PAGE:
We may know a lot about traditional British and American Christmas but what about German Christmas traditions? It turns out a lot of German Christmas traditions have shaped the traditions all over the world. Here’s a look into German Christmas traditions.
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Brief History of Christmas in Germany
Like most of northern Europe before Christians embraced the holiday, Germany participated in the pagan rituals of Yuletide. A good example of this can be seen in how they were the first to use Christmas trees once Christianity became widespread.
Germans were the first to use Christmas trees in the late middle ages. Traditionally the mother of the family would decorate the tree. It would then be brought into the house on Christmas Eve.
Advent has always been a big part of the Christmas lead up in Germany. From 1833 the practice of lighting an advent wreath to help children count down the days until Christmas.
List of German Christmas Traditions
Advent Calendar (Adventskalendar)
Although many countries follow advent, due to the spread of Christianity. It is a popular tradition across Germany. Advent being the counting down of the 4 weeks leading up to Christmas day. The last day of advent – Christmas Eve- starts their Christmas season where they will decorate and put up the tree.
Advent wreath (Adventskranz)
In the 16th century German Lutherans started the tradition of making Advent wreaths. The wreath holds 4 candles on top of a wreath of pine cones, winter berries, flowers, and other ornaments. Each family has their own traditions with the Advent wreath. Often each of the 4 candles are burned on the Sundays before Christmas.
Krampus night (Krampus Nacht)
Part of German Christmas tradition, Krampus night falls on the 5 December. The tale of Krampus is that it is a half-goat half-demon beast who comes to punish people who have been naughty. The legend is the antitheses of Saint Nick, who we all know as the jolly present giver. Like Santa is a legend to motivate children to behave German children get the extra nudge from not wanting a visit from Krampus.
St Nicholas Day (Sankt Nikolaus Tag)
6 December marks Saint Nicholas day in the German calendar. On the day children will leave their shoes at the ends of their bed to wake up to small gifts or treats in their shoes the following morning.
To read more on the history of Saint Nicholas day have a look at our post, why do we give gifts at Christmas?
Epiphany and the Sternsinger
Christmas cheer continuing until January 6 which is the feast of epiphany. Sternsinger is a German term meaning ‘star singer.’ On the evening of epiphany, children dress up and go house to house singing, asking for donations for children’s causes. Similar to Irelands Wren boys. Which you can read more about on our post, why is it called boxing day?
Christmas markets (Weihnachtsmärkte)
Now a mainstay in almost all cities in the UK. The Christmas market has it’s roots in Germany. The annual German Christmas Market in Birmingham is organised by the Frankfurt traders association. German traders come over to the UK for the month of December to sell a range of crafts, decorations, gifts, and of course the famous sausage (bratwurst).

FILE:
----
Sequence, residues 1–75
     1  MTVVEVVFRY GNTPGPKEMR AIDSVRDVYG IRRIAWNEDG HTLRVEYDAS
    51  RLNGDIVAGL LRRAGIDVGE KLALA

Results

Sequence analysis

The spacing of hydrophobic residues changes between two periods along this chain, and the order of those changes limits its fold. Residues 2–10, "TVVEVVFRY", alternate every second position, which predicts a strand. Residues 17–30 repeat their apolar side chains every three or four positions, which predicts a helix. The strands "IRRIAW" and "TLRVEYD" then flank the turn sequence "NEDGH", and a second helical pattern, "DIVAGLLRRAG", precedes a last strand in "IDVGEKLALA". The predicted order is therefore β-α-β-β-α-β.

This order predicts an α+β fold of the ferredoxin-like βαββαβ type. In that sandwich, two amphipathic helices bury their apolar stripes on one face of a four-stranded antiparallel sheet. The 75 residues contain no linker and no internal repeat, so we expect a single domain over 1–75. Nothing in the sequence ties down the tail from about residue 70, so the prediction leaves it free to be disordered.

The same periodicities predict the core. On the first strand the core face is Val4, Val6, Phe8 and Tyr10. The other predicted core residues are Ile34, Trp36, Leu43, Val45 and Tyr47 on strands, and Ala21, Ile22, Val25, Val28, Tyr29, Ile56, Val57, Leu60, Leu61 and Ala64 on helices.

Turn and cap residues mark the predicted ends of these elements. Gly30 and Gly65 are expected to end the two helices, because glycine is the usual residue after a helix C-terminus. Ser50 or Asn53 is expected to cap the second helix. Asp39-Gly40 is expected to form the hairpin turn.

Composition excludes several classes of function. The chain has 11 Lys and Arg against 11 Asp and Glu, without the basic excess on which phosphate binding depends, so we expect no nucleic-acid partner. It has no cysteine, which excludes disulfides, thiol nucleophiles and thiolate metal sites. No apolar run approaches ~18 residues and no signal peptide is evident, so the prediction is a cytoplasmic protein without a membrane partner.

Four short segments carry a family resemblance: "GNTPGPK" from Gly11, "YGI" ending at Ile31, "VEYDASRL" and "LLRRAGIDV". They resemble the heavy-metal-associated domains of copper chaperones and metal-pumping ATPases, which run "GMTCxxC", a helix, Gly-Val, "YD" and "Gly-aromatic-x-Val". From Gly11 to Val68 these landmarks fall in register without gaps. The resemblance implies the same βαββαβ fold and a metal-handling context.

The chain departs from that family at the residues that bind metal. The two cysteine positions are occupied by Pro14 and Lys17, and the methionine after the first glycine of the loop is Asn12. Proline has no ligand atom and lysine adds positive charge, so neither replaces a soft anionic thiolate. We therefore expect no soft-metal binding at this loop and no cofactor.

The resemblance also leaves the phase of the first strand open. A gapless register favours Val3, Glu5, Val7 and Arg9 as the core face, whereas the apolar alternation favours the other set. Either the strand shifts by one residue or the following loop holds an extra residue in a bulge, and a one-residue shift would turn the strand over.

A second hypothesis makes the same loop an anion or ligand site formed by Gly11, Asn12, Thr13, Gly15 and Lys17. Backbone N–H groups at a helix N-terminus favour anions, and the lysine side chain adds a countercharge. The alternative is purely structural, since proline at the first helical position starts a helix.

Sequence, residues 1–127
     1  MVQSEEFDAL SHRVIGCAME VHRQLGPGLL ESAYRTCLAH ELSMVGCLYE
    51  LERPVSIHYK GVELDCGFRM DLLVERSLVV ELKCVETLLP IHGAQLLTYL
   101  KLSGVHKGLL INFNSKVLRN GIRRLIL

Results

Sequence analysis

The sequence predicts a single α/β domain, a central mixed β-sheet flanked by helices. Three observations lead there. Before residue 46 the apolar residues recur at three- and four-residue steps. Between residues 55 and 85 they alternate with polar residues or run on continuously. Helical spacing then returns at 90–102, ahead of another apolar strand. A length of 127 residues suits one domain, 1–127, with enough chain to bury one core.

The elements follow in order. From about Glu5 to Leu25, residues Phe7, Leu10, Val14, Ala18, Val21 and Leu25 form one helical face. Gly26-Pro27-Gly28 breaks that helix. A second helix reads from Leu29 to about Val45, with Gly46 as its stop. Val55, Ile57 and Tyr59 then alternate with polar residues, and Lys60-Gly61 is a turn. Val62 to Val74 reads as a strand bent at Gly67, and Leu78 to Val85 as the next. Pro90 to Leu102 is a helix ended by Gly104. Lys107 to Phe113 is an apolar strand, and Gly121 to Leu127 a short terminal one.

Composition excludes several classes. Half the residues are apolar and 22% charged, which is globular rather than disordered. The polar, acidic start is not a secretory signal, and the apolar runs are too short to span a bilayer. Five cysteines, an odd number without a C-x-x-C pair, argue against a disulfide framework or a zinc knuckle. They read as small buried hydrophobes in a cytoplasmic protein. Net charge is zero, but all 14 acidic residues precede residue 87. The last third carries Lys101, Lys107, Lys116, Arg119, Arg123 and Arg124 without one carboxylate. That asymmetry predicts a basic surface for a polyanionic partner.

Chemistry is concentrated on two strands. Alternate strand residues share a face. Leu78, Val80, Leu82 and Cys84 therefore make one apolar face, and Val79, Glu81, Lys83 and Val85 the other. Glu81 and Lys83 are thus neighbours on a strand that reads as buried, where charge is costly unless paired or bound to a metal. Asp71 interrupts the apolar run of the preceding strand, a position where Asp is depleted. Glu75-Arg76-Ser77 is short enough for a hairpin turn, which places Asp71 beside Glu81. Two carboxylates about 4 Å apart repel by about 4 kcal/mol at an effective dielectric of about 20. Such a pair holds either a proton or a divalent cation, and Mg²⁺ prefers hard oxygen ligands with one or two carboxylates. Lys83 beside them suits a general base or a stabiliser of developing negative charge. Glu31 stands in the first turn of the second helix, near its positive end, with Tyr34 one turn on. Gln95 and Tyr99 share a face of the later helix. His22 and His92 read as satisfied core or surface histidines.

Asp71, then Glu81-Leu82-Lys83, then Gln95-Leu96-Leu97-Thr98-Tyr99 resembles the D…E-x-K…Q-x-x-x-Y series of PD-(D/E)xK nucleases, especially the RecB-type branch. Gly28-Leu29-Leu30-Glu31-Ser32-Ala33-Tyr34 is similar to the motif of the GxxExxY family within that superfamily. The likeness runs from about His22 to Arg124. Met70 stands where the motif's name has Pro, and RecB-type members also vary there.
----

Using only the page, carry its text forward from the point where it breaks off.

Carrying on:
Christmas Stollen (Christstollen)
Like England’s Christmas cake, Germany has Stollen. It’s a traditional cake made with flour, fruits, nuts and spices. It is a long lasting cake that even has its own festival dedicated to it in Dresden.
Mulled Wine (Glühwein)
A favourite of ours here at Christmasphere HQ, mulled wine! These steaming hot mugs of sweet red wine is perfect for the cold winter nights. You will find this famous winter drink being sold all over at your local Christmas market. We definitely recommend making your own batch at home when you have guests over.
Another of our favourite’s is Lebkuchen. It’s similar to gingerbread but using honey. It tends to be a little softer than gingerbread. And much like our Christmas gingerbread it can be decorated with icing and having messages written on them.
Fire Tong Punch (Feuerzangenbowle)
Feuerzangenbowle is a German drink popular at Christmas. It combines mulled wine with rum and it is set alight. It was popularised in Germany following a classic movie in 1943 called “Die Feuerzangenbowle”. These days it’s a fun tradition to host a Feuerzangenbowle party with friends to watch the movie and imbibe the drink.
A study in 2014 saw that on Christmas eve a popular dish to have is potato salad with German sausages. Although some prefer to have goose on the occasion.
Some of the world’s favourite festive treats originate from Germany. For example, gingerbread – in all its forms – and marzipan!
In Germany, they have a sweet which is made up of gingerbread, jelly and marzipan all layered and then coated in chocolate. This treat is called Dominostein.
In 1692 the first recorded Christmas market was set up in Stuttgart Germany.
Carolling is a worldwide tradition at this point, but did you know some of your favourite carols are German? Silent night was originally composed in Germany. The song has been translated from “Stille Nacht” into 200 different languages.
Last but not least, it was common practice to hang Christmas trees from the ceiling. This was to save space in homes. If you want to read more about it why not check out our post, what is an upside-down Christmas tree?
That has been a rundown on German Christmas traditions. Many of these traditions should be familiar, but hopefully, you have learnt a little more on the origins of some of the worlds favourite Christmas traditions.